Besides, if you were to boil down "engineering" to its core skills common to all branches of engineering, you might say that it is the use of "scientific concepts and resources for the solving of our problems and the meeting of our needs in life." I understand that historically, engineering grew out of our need to improve the quality and efficiency of life. As engineers, you may be called upon to solve our environmental problems, energy supply problems, clean air and clean water problems and even disease-fighting challenges. These problems translate into business opportunities, if you stay alert. In a world that is changing so fast, our engineering graduates need generic skills that will stand the test of time, such as language skills, leadership skills, creative thinking skills, management and entrepreneurial skills. It all comes under the rubric of "problem-solving" and "meeting needs".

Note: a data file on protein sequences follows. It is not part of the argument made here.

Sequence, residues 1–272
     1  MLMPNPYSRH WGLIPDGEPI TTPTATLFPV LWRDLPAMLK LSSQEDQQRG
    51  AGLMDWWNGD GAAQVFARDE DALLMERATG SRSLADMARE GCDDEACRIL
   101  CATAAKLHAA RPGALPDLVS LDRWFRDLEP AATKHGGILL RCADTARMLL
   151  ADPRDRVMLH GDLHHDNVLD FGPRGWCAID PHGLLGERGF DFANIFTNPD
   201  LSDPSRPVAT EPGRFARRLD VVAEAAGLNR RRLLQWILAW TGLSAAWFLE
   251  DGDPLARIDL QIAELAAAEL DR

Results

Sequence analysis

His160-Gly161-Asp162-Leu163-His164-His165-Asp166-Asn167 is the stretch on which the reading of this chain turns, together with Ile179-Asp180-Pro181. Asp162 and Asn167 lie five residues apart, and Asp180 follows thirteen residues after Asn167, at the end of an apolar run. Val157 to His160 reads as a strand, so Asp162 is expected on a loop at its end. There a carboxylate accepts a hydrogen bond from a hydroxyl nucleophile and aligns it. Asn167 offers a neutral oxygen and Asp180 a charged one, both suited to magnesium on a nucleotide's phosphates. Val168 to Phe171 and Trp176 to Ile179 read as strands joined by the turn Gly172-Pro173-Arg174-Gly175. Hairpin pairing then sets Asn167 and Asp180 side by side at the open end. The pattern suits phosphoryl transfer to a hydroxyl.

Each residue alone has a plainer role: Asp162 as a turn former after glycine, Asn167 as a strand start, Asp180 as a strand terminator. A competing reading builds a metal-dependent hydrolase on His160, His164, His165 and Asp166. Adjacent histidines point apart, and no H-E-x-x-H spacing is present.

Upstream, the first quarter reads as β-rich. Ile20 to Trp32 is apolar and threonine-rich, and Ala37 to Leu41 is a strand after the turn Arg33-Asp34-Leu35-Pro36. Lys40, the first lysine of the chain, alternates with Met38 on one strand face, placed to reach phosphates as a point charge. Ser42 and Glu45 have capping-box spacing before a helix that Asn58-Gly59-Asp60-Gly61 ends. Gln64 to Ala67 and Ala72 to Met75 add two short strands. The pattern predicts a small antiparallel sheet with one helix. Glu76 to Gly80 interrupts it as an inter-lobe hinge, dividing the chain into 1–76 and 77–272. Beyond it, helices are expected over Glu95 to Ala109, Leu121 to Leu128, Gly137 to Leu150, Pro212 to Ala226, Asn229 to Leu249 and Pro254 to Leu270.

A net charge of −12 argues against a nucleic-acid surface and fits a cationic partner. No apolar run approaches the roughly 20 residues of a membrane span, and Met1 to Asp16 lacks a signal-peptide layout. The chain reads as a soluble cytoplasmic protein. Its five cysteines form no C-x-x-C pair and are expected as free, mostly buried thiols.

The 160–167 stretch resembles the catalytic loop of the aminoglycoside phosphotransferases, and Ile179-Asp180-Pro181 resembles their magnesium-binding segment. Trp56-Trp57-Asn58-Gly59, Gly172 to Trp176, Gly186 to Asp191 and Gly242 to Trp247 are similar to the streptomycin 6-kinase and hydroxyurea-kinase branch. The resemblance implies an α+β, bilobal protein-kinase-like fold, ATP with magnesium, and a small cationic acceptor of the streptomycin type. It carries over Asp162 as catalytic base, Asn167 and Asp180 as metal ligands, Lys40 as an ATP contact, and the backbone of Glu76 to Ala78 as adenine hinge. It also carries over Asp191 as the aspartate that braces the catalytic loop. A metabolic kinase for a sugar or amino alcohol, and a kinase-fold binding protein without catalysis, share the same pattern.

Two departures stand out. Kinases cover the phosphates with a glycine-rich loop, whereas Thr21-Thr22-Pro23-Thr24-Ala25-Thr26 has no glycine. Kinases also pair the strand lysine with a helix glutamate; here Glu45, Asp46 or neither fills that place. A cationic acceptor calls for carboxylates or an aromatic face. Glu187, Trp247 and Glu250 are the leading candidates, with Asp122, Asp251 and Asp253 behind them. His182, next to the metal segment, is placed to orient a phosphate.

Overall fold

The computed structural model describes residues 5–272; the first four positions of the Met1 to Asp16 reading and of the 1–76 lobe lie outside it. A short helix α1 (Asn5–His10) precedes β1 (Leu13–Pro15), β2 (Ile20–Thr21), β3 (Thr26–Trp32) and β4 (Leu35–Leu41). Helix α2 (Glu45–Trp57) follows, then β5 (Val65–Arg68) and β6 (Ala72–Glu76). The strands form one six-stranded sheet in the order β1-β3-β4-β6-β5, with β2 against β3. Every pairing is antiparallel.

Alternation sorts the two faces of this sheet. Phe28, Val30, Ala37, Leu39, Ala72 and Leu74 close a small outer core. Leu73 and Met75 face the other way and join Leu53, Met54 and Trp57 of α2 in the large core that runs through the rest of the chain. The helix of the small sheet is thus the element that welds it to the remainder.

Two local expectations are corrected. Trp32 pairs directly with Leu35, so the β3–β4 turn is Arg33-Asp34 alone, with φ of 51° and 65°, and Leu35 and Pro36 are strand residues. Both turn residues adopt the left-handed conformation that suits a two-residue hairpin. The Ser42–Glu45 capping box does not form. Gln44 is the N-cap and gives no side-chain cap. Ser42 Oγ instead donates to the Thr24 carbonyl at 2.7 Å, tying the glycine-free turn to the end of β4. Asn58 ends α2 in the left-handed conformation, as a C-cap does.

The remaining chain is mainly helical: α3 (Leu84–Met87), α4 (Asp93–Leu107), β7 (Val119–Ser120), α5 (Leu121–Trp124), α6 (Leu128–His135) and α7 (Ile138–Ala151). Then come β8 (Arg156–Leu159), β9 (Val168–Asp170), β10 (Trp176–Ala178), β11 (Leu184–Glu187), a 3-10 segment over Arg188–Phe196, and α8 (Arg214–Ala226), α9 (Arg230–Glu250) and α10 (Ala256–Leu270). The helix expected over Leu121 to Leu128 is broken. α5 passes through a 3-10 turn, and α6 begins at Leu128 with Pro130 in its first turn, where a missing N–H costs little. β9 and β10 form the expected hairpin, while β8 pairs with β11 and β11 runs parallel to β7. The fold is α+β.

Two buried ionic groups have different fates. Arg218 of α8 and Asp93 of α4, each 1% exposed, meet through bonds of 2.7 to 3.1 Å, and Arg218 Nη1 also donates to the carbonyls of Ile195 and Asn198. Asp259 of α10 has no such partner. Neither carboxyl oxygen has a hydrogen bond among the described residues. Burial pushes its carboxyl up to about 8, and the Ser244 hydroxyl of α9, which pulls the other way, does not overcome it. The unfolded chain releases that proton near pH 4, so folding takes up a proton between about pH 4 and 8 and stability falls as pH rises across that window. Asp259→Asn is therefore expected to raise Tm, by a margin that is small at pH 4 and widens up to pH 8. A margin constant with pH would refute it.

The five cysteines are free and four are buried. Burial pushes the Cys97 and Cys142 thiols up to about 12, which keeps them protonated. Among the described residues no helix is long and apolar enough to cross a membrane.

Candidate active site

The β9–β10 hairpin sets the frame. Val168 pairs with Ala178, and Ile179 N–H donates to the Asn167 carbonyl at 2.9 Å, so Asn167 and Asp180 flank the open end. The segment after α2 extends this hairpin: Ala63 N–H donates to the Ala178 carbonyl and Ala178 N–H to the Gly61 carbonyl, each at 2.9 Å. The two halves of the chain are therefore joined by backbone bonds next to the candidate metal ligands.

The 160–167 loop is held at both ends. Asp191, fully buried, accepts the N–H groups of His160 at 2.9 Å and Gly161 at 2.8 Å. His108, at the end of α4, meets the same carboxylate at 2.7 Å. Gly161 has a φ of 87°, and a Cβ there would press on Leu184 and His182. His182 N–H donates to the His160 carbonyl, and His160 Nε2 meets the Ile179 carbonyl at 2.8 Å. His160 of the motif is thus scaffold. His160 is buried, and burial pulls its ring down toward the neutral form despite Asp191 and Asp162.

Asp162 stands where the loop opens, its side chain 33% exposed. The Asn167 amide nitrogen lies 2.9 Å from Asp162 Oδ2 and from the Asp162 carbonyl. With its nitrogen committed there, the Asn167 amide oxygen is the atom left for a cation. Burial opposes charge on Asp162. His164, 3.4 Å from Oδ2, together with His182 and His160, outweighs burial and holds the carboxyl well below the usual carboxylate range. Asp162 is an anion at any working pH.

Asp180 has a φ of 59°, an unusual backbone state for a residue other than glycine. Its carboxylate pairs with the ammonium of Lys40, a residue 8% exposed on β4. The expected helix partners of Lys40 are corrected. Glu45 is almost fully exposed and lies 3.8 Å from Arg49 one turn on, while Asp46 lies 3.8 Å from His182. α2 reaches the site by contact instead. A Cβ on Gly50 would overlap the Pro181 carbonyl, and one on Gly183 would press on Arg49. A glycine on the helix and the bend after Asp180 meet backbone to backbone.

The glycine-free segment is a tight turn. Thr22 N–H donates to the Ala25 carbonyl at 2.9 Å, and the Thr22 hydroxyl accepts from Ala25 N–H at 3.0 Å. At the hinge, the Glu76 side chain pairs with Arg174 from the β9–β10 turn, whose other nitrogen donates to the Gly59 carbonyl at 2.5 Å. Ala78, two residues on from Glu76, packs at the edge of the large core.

They say that there are two objectives in education: education for living, and education for making a living. Being an engineer should be more than just about making a living. Ideally, an education should be both deep and broad---"deep" in the technical knowledge of one's discipline, and "broad" in one's ability to get the big picture of a situation. Being "broad" gives you the ability to adapt.

In any case, when you reach the top of the ladder in the engineering world, inevitably you will be dealing with business decisions. Modern engineering is no longer just a technical degree. Modern engineers should be cross-trained for multi-tasking, and that includes business-building, management and entrepreneurship. And if you should become a business founder, as Dr Lau here is, then the need for generic skills are even more urgent.